>>> print resourceType, responseContentType, statusCode
html text/html; charset=utf-8 200

It is also possible to interact with all the BurpExtender fields and methods:

>>> pprint(dir(self))

It is possible for example to call any Burp method provided by the callback object:

>>> for message in self.mCallBacks.getProxyHistory():
...     message.getRequest().tostring()
'GET /test.html HTTP/1.1\r\nHost:\r\nUser-Agent: Mozilla/5.0 (X11; U; Linux i686; en-US; rv: Gecko/2008121622 Fedora/3.0.5-1.fc9 Firefox/3.0.5\r\nAccept: text/html,application/xhtml+xml,application/xml;q=0.9,*/*;q=0.8\r\nAccept-Language: en-us,en;q=0.5\r\nAccept-Encoding: gzip,deflate\r\nAccept-Charset: ISO-8859-1,utf-8;q=0.7,*;q=0.7\r\nKeep-Alive: 300\r\nProxy-Connection: keep-alive\r\nCache-Control: max-age=0\r\n\r\n'

Adding new options in Burp Suite menus

This only works with the professional version of Burp Suite (minimum 1.3.07)

Now I am going to show how to create a new menu item within Burp that will call new functions written in Python. This code below adds a "Compare parameters" item in the Burp Suite contextual menu. In the Proxy/History tab, you can select two messages, right click and select the new compare function. This code is just an example of what can be done, it compares GET and POST parameters between two requests and tells the differences. It can be useful though because the Burp Suite comparer is not great to compare requests.

from burp import IBurpExtender
from burp import IMenuItemHandler

from cgi import parse_qs

class BurpExtender(IBurpExtender):
    def registerExtenderCallbacks(self, callbacks):
        self.mCallBacks = callbacks
        self.mCallBacks.registerMenuItem("Compare parameters", ArgsDiffMenuItem())

class ArgsDiffMenuItem(IMenuItemHandler):
    def menuItemClicked(self, menuItemCaption, messageInfo):
        print "--- Diff on arguments ---"
        if len(messageInfo) == 2:
            # We can do a diff
            print "Diff in GET parameters:"
            print "Diff in POST parameters:"
            print "You need to select two messages to do an argument diff"
        print "\n\n"

    def diff(self, params1, params2):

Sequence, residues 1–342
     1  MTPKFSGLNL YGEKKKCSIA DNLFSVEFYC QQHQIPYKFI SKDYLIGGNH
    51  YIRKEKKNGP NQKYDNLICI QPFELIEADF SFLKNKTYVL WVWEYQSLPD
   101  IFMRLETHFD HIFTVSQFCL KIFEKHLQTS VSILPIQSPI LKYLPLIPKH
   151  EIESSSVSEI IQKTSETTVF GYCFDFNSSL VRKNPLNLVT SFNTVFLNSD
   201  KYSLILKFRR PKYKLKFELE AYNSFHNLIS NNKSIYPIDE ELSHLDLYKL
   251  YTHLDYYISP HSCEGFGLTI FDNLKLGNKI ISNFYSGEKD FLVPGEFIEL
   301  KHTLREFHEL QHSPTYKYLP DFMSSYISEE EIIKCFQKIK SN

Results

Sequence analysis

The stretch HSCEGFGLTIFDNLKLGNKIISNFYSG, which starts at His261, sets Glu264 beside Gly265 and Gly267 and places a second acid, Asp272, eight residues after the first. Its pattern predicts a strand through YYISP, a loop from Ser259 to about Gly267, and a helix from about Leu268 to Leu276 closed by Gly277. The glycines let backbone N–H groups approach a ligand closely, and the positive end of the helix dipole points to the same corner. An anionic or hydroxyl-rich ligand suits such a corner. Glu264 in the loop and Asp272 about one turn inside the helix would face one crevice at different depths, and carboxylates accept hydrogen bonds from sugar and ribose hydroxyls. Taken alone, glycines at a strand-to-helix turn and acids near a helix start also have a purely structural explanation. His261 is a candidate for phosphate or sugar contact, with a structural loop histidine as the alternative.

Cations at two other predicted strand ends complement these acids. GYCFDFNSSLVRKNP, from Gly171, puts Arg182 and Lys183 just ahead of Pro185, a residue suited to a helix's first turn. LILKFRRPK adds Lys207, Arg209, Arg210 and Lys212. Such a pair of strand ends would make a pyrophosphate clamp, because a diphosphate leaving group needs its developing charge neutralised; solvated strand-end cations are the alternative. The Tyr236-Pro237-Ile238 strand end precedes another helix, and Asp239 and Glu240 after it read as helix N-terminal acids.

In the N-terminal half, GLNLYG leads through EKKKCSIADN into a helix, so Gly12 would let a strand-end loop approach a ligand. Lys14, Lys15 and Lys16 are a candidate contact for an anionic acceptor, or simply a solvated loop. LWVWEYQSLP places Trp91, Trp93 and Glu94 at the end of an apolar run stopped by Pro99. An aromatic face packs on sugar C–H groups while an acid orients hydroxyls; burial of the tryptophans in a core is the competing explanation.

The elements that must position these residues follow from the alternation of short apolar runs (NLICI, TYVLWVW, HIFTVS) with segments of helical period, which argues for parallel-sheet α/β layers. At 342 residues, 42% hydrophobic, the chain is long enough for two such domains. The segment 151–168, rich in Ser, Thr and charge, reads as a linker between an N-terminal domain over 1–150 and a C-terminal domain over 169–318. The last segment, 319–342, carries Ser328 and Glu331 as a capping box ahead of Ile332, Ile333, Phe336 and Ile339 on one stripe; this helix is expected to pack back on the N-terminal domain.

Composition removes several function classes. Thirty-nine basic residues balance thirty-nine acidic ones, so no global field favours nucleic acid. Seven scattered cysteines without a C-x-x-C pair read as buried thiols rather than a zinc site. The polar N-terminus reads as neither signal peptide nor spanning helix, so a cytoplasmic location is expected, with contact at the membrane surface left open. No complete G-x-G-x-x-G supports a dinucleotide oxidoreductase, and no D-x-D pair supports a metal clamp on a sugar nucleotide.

for param in params1:
                if param not in params2:
                    print "Param %s=%s is not is the second request" % \
                          (param, params1[param])
                if params1[param] != params2[param]:
                    print "Request1 %s=%s Request2 %s=%s" % \
                            (param, params1[param], param, params2[param])
            for param in params2:
                if param not in params1:
                    print "Param %s=%s is not is the first request" % \
                          (param, params2[param])

class HttpRequest:
    def __init__(self, request):

    def getParameters(self):
        # get url parameters

        # get body parameters

How to use the python extension

You need the burppython.jar extension. I have created a jar file that contains the jython interpreter so you don't need to install anything else.


  1. You need to download the zipfile attached at the end of this article.
  2. You need to unzip the content in a dedicated folder.
  3. You need to copy the burpsuite jarfile in this folder (something like burpsuite_pro_v1.3.07.jar or burpsuite_v1.3.03.jar)
  4. The python extension ( needs to be placed in the Lib subfolder.
  5. You can launch the burp suite using suite.bat or

Please send me an email to for any questions

To be done

A lot needs to be done,

  1. Add the capability of using several python and java extensions at the same time and link them together
  2. Add the capability of dynamically reload a python extension without having to stop-restart Burp
  3. Put the project on a tracking version system like GitHub
  4. Add more Demo that could leverage on the numerous Python libraries that already exist. UPDATE: please see the w3af extension
  5. ..